Picking the right VPN service
It is widely accepted that having a stable VPN connection can help you protect your privacy and even unlock certain region-locked services that are otherwise not available to the masses.
However, just sticking your hand into the VPN barrel and pulling out whatever you can grab isn’t a smart approach when it comes to preserving your overall security, yours and your devices’ as well.
Some VPN services might not be fast enough for your taste, might not unlock everything that you need and most important, your data can be leaked if the service is not entirely airtight, or if logs are being kept and shared with certain third-parties.
Such situations can be predicted, since these pieces of information are available online and some providers have been involved in scandals, forcing things to become more and more transparent from day to day. Although some data can be found online, in order to know everything about your favorite VPN service, performing certain tests is absolutely mandatory.
Always test the waters
Benchmarking your VPN service can be done either in a quick and simple manner, a series of tests that are recommended for the regular, novice user, or in a more complicated way, which involves several more tests, a method that aims at advanced users. Among the basic tests we can find DNS leaks, IPv4 and IPv6 leaks as well as WebRTC leaks.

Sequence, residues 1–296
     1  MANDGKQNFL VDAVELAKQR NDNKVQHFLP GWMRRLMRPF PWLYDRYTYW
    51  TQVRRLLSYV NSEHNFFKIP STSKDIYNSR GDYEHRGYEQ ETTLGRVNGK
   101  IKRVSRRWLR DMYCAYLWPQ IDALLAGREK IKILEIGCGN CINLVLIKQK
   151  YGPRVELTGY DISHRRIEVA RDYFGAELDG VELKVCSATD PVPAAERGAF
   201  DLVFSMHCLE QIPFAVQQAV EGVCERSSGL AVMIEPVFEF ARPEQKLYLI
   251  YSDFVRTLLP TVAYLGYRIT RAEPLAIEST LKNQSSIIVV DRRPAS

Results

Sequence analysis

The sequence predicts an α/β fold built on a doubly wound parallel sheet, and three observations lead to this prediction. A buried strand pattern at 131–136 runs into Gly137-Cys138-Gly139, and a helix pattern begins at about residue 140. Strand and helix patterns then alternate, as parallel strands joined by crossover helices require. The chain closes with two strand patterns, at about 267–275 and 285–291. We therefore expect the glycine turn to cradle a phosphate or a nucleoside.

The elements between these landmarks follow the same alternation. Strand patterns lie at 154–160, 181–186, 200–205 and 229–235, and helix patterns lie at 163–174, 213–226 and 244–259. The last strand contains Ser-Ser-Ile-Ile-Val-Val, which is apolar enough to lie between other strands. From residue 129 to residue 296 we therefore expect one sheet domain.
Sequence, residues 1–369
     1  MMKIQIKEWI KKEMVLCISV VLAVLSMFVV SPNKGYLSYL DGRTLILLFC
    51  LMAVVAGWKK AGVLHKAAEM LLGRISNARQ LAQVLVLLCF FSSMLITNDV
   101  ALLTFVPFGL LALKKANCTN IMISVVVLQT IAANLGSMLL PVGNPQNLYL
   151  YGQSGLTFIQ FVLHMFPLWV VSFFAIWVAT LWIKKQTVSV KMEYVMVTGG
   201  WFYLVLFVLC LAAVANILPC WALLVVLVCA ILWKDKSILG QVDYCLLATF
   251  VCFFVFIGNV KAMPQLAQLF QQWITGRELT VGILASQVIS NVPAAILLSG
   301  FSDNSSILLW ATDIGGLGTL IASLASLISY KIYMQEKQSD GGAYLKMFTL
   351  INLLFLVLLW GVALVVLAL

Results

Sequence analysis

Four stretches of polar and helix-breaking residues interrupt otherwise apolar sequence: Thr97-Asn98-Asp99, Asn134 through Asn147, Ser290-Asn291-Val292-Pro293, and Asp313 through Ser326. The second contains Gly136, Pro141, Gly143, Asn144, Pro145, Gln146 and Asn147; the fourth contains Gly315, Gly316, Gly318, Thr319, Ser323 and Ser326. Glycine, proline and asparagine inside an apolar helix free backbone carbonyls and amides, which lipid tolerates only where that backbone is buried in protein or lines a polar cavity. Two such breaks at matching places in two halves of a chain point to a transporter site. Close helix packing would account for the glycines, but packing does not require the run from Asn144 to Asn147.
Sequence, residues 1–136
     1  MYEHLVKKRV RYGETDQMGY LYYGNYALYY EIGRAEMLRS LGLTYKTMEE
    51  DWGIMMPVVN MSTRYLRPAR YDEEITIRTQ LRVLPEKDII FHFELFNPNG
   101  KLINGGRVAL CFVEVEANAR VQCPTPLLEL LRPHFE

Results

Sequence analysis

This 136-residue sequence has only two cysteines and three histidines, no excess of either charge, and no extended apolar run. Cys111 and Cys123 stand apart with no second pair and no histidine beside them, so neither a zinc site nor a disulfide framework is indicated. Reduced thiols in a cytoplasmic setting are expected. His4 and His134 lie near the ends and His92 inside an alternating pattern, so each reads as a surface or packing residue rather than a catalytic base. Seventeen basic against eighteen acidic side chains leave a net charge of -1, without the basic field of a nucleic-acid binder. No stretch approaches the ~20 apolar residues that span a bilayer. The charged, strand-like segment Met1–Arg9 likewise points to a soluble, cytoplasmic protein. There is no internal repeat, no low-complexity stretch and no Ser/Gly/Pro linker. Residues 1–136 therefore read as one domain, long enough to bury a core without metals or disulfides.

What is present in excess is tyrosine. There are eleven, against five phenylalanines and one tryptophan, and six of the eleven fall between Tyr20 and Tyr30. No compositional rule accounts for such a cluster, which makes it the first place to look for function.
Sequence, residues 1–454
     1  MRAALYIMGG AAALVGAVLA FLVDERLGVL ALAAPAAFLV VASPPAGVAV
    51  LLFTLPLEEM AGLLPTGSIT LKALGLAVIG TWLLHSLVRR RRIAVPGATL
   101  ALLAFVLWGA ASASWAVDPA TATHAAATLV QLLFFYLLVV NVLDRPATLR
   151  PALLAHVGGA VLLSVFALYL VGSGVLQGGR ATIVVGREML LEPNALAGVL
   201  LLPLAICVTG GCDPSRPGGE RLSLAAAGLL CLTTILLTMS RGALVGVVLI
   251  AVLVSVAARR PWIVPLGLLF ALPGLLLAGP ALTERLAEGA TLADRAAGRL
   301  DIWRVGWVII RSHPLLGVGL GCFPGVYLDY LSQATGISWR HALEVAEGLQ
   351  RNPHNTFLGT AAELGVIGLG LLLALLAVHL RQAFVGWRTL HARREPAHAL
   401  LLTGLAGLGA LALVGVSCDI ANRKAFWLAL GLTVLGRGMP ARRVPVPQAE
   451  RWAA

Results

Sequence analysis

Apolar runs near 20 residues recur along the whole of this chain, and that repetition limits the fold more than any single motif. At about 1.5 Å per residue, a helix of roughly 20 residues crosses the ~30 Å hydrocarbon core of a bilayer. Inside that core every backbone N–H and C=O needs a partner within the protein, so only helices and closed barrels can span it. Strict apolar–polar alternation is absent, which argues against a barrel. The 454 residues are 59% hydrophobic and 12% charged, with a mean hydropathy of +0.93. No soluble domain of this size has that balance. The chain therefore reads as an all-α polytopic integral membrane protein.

Note that, since these tests depend on various testing websites that locate problems, these tests are not conclusive in the process of picking a VPN provider, as some leaks might not be identified at all.
Basic test routines (for newbies)
Basic leak tests, which can be performed by virtually any user, can be simply done by connecting to the VPN server of your choice and visiting the test site (a collection of testing websites will be available below). It is also possible that you can test how good the VPN stands against random interruptions by connecting to the test website of your choice while on VPN, disabling your connection and reconnecting to the Internet afterwards.
You can use this list of testing sites in order to detect various leaks, whether it’s DNS, IP or WebRTC ones we’re talking about:
- IP X – This is one of the most complete testing website, as it provides you with tests for every type of basic leak described above (DNS, IPv4, IPv6, WebRTC and browser fingerprinting);
- IP LEAK – This tool provides you only with tests against IPv4, IPv6, WebRTC and DNS leaks;
- Perfect Privacy – Similar to “ipleak.net;”
- Privacy Research Lab – Similar to “ipleak.net” only without the IPv6;
- Test IPv6 – Only IPv4 and IPv6 leak tests;
- DNS Leak Test – Basic DNS leak test;
- BrowserLeaks – Web browser fingerprinting;
If you’re connected to a VPN server that’s outside your country, it is quite easy to spot a basic leak. Whenever performing WebRTC leak tests, it’s common to see a local IP address such as 10.0.0.1 or 192.168.1.2, as these are not leaks. However, if you see an external IP address, this should raise a bit of concerns, as this is exactly how a WebRTC leak looks like.